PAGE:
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Behind the Scenes at the Bishop Museum of Science and Nature

Bishop Museum of Science and Nature logo

The Bishop Museum of Science and Nature has entertained and educated everyone from children to adults in the Bradenton Area for more than 70 years. Whether it’s a name change or a new exhibit, this is one museum that isn’t stuck in the past.

Renowned for its state-of-the-art planetarium, the Parker Manatee Rehabilitation Habitat, and of course the science and nature museum, The Bishop features permanent and temporary exhibits and shows covering everything from Paleo-Indian, archaic, and pre-contact cultures to space exploration and the solar system.

New Exhibits Attract a New Generation

However, it’s The Bishop’s newest exhibit that’s really out of this world. Opening in 2019, the Mosaic Backyard Universe is an interactive playground where children can learn about science and nature while letting their imaginations blast off. Why the name? Well, “Backyard,” because the exhibit is designed to look like a typical backyard setting. For many children, their backyards or nearby outdoor play areas will serve as their first introduction to nature, and spark their interest in understanding the science behind it all. There’s even a 30-foot-tall, man-made “mighty oak tree” (with treehouse) that serves as a centerpiece for the exhibit, and is a scientifically accurate southern live oak tree that will educate children on different plants and wildlife. Second, “Universe,” because of a huge model of our solar system hanging from the ceiling, and a “cardboard rocket” big enough for kids to get inside and explore. This is only the beginning to this monumental exhibit.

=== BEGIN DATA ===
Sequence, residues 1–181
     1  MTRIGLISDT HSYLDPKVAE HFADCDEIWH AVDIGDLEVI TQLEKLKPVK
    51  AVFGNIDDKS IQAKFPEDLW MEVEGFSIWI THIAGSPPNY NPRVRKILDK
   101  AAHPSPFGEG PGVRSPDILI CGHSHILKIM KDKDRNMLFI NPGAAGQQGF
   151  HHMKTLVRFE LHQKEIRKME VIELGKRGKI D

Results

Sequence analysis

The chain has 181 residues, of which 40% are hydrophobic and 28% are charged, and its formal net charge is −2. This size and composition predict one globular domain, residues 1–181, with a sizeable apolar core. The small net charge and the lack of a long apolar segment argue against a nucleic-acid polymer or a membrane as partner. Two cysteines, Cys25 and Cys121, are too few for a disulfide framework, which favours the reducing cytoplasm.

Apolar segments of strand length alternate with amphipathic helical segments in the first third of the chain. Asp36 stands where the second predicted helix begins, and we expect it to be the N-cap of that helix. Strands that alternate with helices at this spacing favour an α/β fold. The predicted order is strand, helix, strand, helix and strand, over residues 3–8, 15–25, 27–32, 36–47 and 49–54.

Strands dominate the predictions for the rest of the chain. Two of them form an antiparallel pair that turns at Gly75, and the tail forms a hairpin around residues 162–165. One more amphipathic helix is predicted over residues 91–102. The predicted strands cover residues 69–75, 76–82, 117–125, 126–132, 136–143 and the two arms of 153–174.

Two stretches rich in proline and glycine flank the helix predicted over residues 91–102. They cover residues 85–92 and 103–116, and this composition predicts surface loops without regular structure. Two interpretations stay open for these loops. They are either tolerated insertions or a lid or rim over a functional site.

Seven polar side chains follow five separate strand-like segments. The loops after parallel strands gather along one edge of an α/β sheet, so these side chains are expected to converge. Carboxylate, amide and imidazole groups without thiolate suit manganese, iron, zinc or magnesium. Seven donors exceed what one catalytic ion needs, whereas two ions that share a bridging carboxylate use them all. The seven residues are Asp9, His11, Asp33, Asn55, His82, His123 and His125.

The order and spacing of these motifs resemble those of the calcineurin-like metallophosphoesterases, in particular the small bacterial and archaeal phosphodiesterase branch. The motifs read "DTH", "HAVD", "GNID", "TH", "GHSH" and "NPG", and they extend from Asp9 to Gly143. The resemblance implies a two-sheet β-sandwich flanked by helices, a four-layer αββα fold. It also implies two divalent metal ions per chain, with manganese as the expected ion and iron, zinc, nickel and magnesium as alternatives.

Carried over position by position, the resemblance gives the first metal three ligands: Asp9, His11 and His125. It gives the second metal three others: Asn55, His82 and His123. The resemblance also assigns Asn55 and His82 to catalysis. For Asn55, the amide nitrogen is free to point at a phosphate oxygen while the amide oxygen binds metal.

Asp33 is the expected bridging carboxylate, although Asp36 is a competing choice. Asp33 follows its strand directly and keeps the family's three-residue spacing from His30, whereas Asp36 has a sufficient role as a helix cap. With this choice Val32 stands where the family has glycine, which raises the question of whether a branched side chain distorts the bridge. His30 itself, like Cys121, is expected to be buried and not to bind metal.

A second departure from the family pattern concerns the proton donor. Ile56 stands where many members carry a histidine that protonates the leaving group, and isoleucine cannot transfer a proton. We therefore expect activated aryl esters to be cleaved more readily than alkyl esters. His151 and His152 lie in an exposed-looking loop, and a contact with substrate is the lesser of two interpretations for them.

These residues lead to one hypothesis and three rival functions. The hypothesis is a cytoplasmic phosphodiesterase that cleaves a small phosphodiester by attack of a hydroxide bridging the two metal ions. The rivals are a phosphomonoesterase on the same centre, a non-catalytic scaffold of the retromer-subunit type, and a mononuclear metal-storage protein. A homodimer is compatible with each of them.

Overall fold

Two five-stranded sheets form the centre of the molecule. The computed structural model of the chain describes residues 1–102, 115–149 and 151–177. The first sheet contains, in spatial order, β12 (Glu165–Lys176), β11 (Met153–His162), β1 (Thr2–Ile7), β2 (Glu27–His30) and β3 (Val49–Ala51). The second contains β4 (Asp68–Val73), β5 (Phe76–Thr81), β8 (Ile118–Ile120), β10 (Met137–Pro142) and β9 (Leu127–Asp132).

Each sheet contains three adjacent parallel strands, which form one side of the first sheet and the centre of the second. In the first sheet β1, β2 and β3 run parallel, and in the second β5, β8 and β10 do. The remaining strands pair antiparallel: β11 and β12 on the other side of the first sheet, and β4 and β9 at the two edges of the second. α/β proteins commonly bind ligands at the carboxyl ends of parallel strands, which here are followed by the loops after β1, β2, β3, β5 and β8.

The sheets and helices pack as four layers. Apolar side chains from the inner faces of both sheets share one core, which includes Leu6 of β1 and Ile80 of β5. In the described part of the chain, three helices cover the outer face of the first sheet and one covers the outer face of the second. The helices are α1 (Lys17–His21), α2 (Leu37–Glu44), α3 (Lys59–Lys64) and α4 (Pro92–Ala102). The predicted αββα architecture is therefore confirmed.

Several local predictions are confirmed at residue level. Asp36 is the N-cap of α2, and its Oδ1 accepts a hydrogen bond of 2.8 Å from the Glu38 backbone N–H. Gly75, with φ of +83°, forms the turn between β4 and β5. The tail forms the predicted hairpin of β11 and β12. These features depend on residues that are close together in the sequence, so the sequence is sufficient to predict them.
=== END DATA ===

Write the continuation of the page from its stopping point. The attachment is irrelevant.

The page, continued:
The Mosaic Backyard Universe is the result of years of work and countless hours of designing and building. It’s unlike most any other exhibit designed for young minds. That’s because The Bishop wanted to change one of the most common approaches to educating children. The team behind the Mosaic Backyard Universe noticed that many children’s exhibits are “grown-up settings” made in “kid sizes,” such as miniature grocery stores or fire stations. Additionally, these exhibits are usually single-purpose, meaning they only teach one subject.

The Bishop wanted to make a space that not only resonated more with children, but was also multi-purpose; teaching lessons on science and nature. A place where kids could be kids. Where they would be educated through “inquiry-based learning” instead of being told what to learn.

“Inquiry-based learning means giving children the freedom to learn through curiosity, exploration, and leading questions. The learning is not prescribed here,” said Remi Gonzalez, the museum’s director of communications. “The staff in the exhibit offers a great balance of inquiry-based learning and facilitated learning. Our team members will be ‘facilitators’ not ‘lecturers.’”

New Name. Same Commitment to Education.

For decades, visitors and locals alike knew The Bishop as the South Florida Museum. However, after an extensive period of research, it was determined this name no longer suited the museum. Bradenton was no longer known as part of South Florida as it was the 70 or so years ago when the museum was named. Additionally, the museum wanted to differentiate itself from other institutions. Therefore, The Bishop Museum of Science and Nature was established as the new name, or The Bishop for short.